But, in my view, the pandemic is the underpinning to it all, impinging on so many aspects of life. Of course, the fascists are at it with fear tactics and fictional cultural issues such as stopping the teaching of critical race theory in kindergarten, "don't say gay", and trans kids playing sports and using bathrooms.

    Fears about "Freedom" requiring the banning of books, including sexy math texts(maybe it's the equal sign they object to).   Seventy-two percent of Republicans oppose teaching Arabic numerals in school--guess.it sounds too Muslimy.

    And then add-in the fascists new voter suppression and subversion laws and the challenge enlarges.


    The "Arabic numerals" question, believe (none / 0) (#66)
    by Peter G on Mon Apr 18, 2022 at 04:31:22 PM EST
    it or not, is not a hoax. At least according to both Snopes and Fox News. I like the "equal sign" theory of the math book imbroglio.

    Perhaps next (5.00 / 2) (#80)
    by jmacWA on Tue Apr 19, 2022 at 04:49:21 AM EST
    Florida will ban anything that flows from the first prophet of Islam.

    This country is already so divided, (5.00 / 2) (#84)
    by Jack E Lope on Tue Apr 19, 2022 at 12:35:07 PM EST
    ...why allow math books to encourage division?

    Subsequently, math books (5.00 / 2) (#85)
    by MO Blue on Tue Apr 19, 2022 at 01:27:45 PM EST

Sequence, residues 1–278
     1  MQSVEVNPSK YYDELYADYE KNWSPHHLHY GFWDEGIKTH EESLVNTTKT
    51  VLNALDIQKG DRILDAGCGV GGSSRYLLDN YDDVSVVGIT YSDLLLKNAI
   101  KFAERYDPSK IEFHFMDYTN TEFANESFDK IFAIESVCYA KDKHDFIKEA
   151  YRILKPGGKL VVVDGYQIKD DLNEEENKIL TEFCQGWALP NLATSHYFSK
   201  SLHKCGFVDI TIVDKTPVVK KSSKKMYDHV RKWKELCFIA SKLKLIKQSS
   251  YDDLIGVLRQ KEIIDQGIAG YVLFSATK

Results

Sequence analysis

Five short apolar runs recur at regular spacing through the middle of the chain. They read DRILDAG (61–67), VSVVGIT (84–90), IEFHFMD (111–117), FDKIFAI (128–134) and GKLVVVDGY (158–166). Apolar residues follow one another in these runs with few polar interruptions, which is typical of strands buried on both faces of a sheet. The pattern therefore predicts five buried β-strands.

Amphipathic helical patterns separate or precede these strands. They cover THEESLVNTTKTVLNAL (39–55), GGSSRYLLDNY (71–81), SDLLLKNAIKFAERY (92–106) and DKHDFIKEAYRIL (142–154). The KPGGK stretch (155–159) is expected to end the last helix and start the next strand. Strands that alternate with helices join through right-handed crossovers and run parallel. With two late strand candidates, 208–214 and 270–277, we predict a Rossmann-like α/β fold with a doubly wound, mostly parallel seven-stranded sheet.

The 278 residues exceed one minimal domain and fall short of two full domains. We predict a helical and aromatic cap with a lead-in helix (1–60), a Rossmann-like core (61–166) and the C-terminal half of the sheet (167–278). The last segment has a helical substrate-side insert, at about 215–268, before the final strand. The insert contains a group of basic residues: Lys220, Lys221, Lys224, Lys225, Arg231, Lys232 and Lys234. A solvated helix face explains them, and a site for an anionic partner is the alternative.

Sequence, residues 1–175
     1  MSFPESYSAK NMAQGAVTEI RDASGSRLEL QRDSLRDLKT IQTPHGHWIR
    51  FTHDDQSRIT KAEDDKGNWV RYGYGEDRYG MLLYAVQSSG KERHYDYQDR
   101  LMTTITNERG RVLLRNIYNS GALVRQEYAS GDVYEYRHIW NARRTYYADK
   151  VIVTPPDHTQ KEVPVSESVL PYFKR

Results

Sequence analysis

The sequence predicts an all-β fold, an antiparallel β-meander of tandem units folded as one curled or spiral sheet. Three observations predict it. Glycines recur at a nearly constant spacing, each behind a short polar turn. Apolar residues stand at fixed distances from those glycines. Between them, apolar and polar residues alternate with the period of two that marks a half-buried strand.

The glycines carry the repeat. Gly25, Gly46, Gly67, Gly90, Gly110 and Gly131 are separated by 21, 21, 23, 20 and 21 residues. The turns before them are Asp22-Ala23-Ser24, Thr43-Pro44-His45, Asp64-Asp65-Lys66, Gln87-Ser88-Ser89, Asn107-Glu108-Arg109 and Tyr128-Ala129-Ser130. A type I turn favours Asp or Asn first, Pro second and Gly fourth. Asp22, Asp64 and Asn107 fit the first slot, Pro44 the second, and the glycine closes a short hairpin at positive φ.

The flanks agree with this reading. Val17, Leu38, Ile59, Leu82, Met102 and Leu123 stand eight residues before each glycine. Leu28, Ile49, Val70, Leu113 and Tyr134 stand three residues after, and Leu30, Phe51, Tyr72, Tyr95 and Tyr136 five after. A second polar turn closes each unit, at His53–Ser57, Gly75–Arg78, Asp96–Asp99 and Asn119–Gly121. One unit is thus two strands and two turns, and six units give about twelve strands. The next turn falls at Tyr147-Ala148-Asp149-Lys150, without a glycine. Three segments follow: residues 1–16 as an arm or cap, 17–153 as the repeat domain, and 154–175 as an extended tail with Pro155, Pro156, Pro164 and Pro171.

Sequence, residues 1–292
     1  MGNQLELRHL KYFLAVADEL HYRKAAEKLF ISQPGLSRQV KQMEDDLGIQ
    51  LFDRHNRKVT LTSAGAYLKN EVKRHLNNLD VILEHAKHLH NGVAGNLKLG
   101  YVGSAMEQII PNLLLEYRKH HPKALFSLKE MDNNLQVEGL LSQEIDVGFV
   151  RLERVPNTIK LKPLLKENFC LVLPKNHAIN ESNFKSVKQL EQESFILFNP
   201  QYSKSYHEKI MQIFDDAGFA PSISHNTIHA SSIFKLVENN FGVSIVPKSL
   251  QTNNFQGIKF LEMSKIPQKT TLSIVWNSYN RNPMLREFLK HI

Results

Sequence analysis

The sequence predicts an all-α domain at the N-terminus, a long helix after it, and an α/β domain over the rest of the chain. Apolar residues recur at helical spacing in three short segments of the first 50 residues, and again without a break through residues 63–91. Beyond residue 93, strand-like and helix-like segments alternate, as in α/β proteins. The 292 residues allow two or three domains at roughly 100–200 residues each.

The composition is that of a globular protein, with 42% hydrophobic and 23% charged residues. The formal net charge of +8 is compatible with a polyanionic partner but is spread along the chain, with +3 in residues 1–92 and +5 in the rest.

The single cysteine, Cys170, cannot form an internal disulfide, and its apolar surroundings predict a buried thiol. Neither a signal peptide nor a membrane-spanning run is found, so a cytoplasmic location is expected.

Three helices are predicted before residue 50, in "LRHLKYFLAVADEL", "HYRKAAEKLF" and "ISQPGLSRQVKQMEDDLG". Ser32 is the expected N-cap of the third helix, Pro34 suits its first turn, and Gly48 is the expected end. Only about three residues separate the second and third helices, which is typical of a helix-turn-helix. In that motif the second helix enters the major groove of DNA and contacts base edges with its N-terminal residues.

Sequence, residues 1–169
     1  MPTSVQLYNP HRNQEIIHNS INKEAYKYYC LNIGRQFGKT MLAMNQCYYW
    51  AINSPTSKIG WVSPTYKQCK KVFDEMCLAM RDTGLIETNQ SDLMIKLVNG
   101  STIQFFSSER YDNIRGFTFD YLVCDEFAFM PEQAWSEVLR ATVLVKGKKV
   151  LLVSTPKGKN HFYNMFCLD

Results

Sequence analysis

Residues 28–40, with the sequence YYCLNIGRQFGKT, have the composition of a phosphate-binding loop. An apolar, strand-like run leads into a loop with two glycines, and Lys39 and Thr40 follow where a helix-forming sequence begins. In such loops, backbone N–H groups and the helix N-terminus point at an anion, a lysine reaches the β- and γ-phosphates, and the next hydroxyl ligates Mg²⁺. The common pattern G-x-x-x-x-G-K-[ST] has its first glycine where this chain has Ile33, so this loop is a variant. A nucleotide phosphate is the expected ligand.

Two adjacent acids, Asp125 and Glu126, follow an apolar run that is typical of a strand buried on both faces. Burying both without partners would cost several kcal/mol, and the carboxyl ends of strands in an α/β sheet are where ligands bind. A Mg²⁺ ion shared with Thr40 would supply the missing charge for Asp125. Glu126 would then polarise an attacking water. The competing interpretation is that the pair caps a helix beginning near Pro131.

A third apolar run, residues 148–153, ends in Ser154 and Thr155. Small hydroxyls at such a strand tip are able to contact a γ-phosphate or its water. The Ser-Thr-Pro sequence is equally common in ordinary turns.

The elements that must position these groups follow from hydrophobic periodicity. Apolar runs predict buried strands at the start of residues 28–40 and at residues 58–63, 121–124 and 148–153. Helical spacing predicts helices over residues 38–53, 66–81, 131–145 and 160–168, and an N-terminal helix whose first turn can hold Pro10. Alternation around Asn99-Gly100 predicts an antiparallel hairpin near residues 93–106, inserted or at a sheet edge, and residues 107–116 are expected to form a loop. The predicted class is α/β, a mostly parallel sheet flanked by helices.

Shouldn't encourage addition, subtraction, multiplication, equations or algebra etc, etc. etc.

    The people who encourage looking at alternative facts totally without any scientific or factual basis definitely are bound and determined to ban any ideas or thoughts contrary to their own distorted beliefs.


    We are a nation of (5.00 / 2) (#90)
    by leap2 on Tue Apr 19, 2022 at 02:47:16 PM EST
    stupid, ignorant, selfish, mean children in adult bodies.

    I liked Jack E. Lope's comment (none / 0) (#86)
    by ladybug on Tue Apr 19, 2022 at 01:40:05 PM EST
    because the word "division" is ambiguous. I think we should teach all those math concepts but stay away from divisive cultural issues in math class. I can show you many examples where that is not happening. As an educator, this topic is important to me.

    Yes, (5.00 / 1) (#89)